The smaller the bird, the more reach you need to fill the frame effectively. Simple. You can take convincing (and satisfying) shots of Herons at close range (under 50 feet) with the 800mm end of a super-zoom P&S camera…but shots of sparrows and other Little Brown Jobs at that same range are not very satisfying. Sometimes, of course, you don’t have a choice. I would not take a digiscoping rig with tripod out on the boardwalk at Magee Marsh…just would not do it…so there the P&S super-zoom has to work…and does…see P&S 4 Wildlife. Part 2. Wicked Warblers. The saving grace at Magee is that the birds are close…sometimes within 12 feet…rarely over 20…and the birds are bright…so any reasonable capture is going to be satisfying…even if you can’t see the inner details of the individual feathers.
Still, given the choice, for sparrows and other LBJs, I would always choose a digiscoping rig.
This is a shot of a Song Sparrow at 45 feet with the Nikon Coolpix P500 at full (810mm equivalent field of view) zoom…and cropped down from full frame at that!
If you run the zoom up into the digital range, at 1600 mm this is what you get, again, cropped from full frame. Not bad for digital zoom, at that.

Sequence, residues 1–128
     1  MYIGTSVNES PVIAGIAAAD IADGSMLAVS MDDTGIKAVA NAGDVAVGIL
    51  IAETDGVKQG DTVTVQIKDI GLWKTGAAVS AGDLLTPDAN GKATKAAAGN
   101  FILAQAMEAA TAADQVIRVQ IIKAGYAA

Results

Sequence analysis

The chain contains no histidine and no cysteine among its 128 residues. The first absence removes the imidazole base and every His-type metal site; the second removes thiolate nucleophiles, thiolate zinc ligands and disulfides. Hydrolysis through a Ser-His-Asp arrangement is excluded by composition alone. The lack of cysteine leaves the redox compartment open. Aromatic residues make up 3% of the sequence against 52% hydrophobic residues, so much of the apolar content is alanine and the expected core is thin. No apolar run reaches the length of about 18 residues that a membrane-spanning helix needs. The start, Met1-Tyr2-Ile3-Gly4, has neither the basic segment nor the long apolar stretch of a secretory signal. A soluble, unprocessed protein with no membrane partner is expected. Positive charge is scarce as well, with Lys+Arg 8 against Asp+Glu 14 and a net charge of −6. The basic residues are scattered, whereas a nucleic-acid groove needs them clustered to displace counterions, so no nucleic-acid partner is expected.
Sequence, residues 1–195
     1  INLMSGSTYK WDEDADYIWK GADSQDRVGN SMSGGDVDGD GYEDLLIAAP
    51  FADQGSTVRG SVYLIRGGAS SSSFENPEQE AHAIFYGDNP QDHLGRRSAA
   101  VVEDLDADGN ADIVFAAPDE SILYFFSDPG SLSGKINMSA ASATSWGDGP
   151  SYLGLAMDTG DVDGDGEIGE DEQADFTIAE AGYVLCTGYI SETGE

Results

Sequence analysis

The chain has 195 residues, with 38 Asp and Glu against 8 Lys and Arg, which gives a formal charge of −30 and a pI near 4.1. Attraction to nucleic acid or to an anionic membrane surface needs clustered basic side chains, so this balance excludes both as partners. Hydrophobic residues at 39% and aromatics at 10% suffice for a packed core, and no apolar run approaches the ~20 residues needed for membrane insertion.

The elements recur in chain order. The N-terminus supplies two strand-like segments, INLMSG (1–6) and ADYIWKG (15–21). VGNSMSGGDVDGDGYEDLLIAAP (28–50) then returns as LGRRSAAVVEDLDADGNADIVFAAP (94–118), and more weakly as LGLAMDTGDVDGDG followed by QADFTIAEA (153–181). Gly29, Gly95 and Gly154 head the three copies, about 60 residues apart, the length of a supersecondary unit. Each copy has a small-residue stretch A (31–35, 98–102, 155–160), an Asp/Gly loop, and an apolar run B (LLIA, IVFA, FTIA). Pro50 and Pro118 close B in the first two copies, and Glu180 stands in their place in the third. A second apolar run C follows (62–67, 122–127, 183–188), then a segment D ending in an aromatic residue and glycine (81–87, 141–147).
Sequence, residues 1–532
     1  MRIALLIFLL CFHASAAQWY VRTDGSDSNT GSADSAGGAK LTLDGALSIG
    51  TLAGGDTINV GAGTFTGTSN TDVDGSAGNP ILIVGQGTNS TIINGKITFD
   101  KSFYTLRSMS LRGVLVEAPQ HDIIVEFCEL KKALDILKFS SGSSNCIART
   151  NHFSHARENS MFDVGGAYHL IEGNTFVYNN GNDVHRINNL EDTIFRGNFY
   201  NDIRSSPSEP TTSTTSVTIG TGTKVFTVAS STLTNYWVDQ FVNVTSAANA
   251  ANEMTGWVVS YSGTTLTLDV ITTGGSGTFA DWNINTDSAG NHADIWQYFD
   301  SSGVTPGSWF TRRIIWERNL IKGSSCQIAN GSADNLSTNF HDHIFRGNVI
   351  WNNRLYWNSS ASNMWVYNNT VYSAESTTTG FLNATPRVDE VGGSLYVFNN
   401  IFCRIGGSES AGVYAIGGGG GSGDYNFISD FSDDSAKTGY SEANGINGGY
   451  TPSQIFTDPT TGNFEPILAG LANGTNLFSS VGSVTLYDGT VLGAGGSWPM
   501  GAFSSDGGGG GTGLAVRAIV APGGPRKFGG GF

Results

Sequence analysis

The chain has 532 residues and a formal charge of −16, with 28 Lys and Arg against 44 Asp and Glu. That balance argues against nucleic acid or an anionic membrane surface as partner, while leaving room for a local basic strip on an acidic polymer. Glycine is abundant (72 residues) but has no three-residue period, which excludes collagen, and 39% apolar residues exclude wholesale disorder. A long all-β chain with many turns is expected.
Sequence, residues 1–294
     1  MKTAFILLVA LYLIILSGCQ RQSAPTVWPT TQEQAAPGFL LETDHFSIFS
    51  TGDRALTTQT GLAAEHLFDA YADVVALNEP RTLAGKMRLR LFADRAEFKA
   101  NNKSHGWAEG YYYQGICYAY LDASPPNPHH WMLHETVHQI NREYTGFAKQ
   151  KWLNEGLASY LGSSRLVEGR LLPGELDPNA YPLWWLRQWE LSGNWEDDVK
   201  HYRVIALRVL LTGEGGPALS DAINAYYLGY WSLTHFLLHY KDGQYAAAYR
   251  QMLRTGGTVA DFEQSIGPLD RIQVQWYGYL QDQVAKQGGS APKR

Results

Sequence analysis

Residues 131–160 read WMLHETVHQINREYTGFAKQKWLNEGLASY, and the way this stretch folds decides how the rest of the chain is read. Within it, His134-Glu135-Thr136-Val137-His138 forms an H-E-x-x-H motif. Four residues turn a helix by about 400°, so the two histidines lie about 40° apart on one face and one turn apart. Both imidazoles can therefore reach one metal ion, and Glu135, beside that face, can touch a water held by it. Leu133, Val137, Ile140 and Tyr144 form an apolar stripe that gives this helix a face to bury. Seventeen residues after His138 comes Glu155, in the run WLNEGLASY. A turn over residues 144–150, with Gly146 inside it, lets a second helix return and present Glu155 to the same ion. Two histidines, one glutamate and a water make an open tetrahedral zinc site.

This is the same bird as the first image, from the same spot, using the Canon SD4000IS behind the 20-75x Vario eyepiece on the ZEISS DiaScope 85FL, first at just over 2200mm equivalent, and then at about 3500mm equivalent…full frame…uncropped…10 mp images.
Clearly, there is no comparison between the level of detail captured by the P&S and the digiscoping rig from the same distance, nor should anyone expect there to be. That reach is one of the primary advantages of digiscoping after all…and it is why we are carrying the scope in the first place.
Now, of course, if you live on the west coast, where some of the Song Sparrows are the size of Robins, you could probably get away with just the super-zoom most days